As a matter of principle, several options exist to prevent an explosion. They were diligently developed during the last decades and considered in the respective standards. Different types of protection were defined for electrical equipment. However, certain types of protection are not qualified for all zones. The Ex n type of protection, for example, can only be used in Zone 2. The Ex i type of protection (intrinsic safety) in contrast, is approved for equipment up to Zone 0. We are selecting intrinsic safety for our example. It is one of the most favored and widely used types of protection.
The protection type is based on the principle of energy limitation: Current, voltage and power values of an electric circuit, which get into the explosive area during measurements and controls, must be low enough that they cannot generate sparks or get too hot. The intrinsically safe electrical circuits therefore consists of the intrinsically safe equipment and the associated equipment. The latter is installed outside the Ex-Zones.
This means for our example with the oil tank that: First, the intrinsically safe equipment, namely the sensor for the pressure switch, must be qualified for the installation within Zone 1. Second, the following device and the associated equipment, which is connected to the sensor must ensure that the energy that gets to the sensor is not too high to keep it cool. The level of permitted heating depends on the composition of the explosive atmosphere. Which means, it depends how high or low the ignition temperature of the existing gas is. In addition, the energy limitation must ensure that no ignition spark can be generated, or that a possible ignition spark remains below the ignition energy of the gas used.
Verification of Intrinsic Safety
An additional major aspect must be considered for the “intrinsic safety” type of protection: The technical safety data. This exist for the intrinsically safe operating resources and the associated equipment. The information about Ui, Ii, Pi, Ci and Li discloses the maximum values that a device can absorb at the input without the risk that the protective function of the intrinsically safe electrical circuit is nullified. The Uo, Io, Po , Co and Lo information indicates the maximum output values of the equipment. The comparison is used to ensure that no significant ignition sparks are generated and that the surface of the intrinsically safe equipment does not get hotter than justifiable for the approved used. The values must be compared to each other. The condition that is shown in the figure “Intrinsic safety and verification” is applicable in this case. This comparison is called “Verification of the Intrinsic Safety”. As all other documents, it must be filed in the explosion protection document.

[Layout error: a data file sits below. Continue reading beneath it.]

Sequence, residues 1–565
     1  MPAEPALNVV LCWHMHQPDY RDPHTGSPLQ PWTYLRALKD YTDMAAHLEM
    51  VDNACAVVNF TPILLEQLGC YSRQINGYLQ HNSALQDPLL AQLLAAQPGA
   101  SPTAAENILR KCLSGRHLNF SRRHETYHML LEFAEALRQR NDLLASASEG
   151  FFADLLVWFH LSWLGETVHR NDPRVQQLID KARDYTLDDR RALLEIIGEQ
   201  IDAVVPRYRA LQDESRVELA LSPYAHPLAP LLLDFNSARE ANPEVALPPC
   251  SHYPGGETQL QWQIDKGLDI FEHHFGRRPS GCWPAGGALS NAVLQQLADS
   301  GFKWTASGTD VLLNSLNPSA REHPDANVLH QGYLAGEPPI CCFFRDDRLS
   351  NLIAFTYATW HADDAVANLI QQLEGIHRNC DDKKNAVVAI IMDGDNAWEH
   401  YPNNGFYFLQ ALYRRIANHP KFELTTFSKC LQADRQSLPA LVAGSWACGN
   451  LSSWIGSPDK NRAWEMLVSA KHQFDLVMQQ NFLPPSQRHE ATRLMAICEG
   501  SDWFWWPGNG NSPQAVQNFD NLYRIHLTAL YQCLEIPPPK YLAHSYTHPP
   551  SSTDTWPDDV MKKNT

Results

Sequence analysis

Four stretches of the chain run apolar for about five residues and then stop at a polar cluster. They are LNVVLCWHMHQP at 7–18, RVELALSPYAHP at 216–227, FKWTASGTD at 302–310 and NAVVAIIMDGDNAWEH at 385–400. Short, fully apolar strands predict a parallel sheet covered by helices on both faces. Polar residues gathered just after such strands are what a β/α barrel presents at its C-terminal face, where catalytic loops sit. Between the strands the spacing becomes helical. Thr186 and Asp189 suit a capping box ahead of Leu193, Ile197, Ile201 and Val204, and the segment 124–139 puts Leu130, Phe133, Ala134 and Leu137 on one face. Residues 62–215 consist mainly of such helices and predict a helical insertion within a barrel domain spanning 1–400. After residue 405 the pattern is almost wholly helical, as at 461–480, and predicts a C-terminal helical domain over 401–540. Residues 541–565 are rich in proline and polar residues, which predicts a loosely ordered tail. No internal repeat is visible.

The calculation with reduced capacities and inductances is special in this comparison. It can be performed in a simplified manner. On request, WAGO provides a calculation tool free of charge for the verification of the intrinsic safety. The calculation can be saved or it can be attached as a printout to the explosion protection document.
It is important to mark the intrinsically safe electric circuit. For example, through a labeling of all components and devices participating in the intrinsically safe electric circuit. If a color-based marking is selected, then the standard requires light blue.
Two Ignition Protection Categories
Many devices, especially so-called associated electrical equipment, which must normally be installed outside of the ex-proof area, often have an additional approval for the installation in Zone 2.
Text: MARLIES GERSTKÄMPER-OEVERMANN | WAGO
Photo: ©ISTOCK.COM, WAGO